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Thread: Standing for "God Bless America"??

  1. #1
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    Standing for "God Bless America"??

    Last night, I went to a great concert provided by our local symphony. It was a part of our city's Red, White & Blue Festival. The symphony is fortunate to be conducted by an incredible conductor who was formerly from the USSR but became an American citizen about 15 years ago. Even with his extremely strong Russian accent, I think he wears his heart on his sleeve when it comes to patriotism! He seems to have more patriotism in his little finger than a lot of people seem to pretend to possess. He LOVES this country and is so thankful for being here. He's pretty darned amazing....I love watching him conduct the orchestra! He's definitely a gift to this area.

    BUT....I wondered about one song in particular. When the orchestra played "God Bless America", people stood up. Now, I know that people stand for the National Anthem, but when did "God Bless America" become a standing event?? I think it was after the event ended that the woofing/barking man sitting behind us made a comment to his fellow attendees, "did you see how I made everyone stand up? I was the first one standing" that I really started wondering about this new(?) tradition(???)

    I do love the song...but why now stand at "My Country Tis of Thee" or any of the other traditionally patriotic songs?

    Is this just a southern thing?

  2. #2
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    I think people were just swept away with the spirit of the concert? It was probably a group psychology thing. If a few people stood up there were probably others who thought "wait, do we stand up for this? Not sure. Better stand up." And soon everyone was standing.

    I mean, did you stand up?
    Barbara

    Nutella is love! - 9yr old ds

  3. #3
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    Not just a Southern thing, no, but a Yankee thing as well.

    It's been played at Yankee Stadium (and possibly others) during the 7th inning stretch for years now, the Kate Smith version, and everyone has always stood, along with considerable flag displaying, but I think that part has been an addition since 9/11.

    Bob

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    Quote Originally Posted by newtricks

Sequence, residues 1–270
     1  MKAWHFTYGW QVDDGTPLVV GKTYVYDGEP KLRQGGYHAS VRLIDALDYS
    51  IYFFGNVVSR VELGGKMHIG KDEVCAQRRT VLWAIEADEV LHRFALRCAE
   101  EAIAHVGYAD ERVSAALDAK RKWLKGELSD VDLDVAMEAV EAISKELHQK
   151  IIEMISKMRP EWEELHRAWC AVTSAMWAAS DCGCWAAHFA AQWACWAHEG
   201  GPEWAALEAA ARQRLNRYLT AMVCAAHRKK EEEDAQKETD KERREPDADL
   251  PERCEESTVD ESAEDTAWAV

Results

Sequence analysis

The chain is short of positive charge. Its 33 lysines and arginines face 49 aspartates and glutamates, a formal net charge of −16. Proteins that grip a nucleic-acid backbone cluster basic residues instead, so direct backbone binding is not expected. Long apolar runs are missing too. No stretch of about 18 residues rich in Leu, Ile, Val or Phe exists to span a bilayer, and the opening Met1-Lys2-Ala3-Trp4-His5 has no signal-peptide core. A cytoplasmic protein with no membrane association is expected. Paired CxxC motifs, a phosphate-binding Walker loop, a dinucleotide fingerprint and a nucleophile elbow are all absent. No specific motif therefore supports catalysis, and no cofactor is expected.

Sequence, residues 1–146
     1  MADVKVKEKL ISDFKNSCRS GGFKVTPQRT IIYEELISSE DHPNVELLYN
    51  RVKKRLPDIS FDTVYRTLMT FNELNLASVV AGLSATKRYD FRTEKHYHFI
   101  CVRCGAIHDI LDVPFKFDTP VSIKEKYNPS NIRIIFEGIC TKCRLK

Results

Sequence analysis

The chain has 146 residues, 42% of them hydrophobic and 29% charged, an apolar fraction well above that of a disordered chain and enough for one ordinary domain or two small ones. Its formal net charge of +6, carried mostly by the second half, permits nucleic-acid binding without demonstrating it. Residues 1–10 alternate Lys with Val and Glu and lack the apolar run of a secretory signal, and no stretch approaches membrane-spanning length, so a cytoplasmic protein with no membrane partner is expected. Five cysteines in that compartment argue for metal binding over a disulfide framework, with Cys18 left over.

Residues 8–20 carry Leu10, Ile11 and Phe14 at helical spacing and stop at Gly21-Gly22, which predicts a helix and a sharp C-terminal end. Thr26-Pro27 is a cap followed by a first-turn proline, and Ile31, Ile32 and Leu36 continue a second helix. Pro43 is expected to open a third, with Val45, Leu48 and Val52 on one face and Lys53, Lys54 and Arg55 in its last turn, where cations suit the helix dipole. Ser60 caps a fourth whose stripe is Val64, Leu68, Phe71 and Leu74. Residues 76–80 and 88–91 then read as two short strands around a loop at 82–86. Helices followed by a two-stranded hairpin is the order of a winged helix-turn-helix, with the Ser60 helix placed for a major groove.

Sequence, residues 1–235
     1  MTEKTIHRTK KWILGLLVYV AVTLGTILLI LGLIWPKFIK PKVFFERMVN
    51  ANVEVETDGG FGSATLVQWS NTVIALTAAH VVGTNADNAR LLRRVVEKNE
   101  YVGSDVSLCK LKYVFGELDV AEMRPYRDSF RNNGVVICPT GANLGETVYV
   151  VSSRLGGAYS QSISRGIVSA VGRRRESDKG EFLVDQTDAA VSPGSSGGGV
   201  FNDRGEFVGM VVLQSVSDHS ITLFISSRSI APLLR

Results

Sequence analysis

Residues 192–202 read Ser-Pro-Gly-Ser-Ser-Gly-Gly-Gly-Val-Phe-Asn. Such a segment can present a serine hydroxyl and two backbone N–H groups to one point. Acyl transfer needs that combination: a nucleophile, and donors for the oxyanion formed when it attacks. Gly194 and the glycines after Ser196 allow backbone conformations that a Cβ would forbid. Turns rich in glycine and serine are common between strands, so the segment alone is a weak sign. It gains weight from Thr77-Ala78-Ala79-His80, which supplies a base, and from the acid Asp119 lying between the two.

I mean, did you stand up?
    Yep...otherwise, I would have been likely the only person sitting. I didn't see a reason to remain sitting but wondered what prompted the standing.

    ....Maybe they picked it up at a Yankees game.

  5. #5
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    Well anything that happens at a Yankees game should just be discounted...

    Last night at the Boston Pops Esplanade concert which was televised nationwide, we did not stand for God Bless America. It was part of a Patriotic Sing-along medley.

    Loren
    The term "working mother" is redundant.

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    Quote Originally Posted by Gracie
    Well anything that happens at a Yankees game should just be discounted...

    Last night at the Boston Pops Esplanade concert which was televised nationwide, we did not stand for God Bless America.
    Because people in Boston ain't got no couth!

    Now that I think of it, I believe the public announcer at the Stadium asks the crowd to stand to honor our service men, but I'm not sure if that's recent or not.

    Bob

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    Quote Originally Posted by bobmark226
    Now that I think of it, I believe the public announcer at the Stadium asks the crowd to stand to honor our service men, but I'm not sure if that's recent or not.
    Bob - At Minutemaid Park ( which I affectionately refer to as the Juice Box ) I believe the Astro's announcer says the same thing - to stand in honor of our service men or at least something really similar. I don't remember when it started...but every 7th inning stretch now is God Bless America, followed by Take Me Out to the Ballgame, followed by Deep in the Heart of Texas
    Terri _A
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    Read my ramblings about food and my nutty life on A Girl in the South!

  8. #8
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    They used to stand at the Philadelphia Flyers' games when Kate Smith sang "God Bless America!" Some people refer to this song as more expressive of their patriotism than the "Star Spangled Banner." When you read the lyrics (which everyone knows anyway), it's understandable.
    God Bless America
    God Bless America,
    Land that I love.
    Stand beside her, and guide her
    Thru the night with a light from above.
    From the mountains, to the prairies,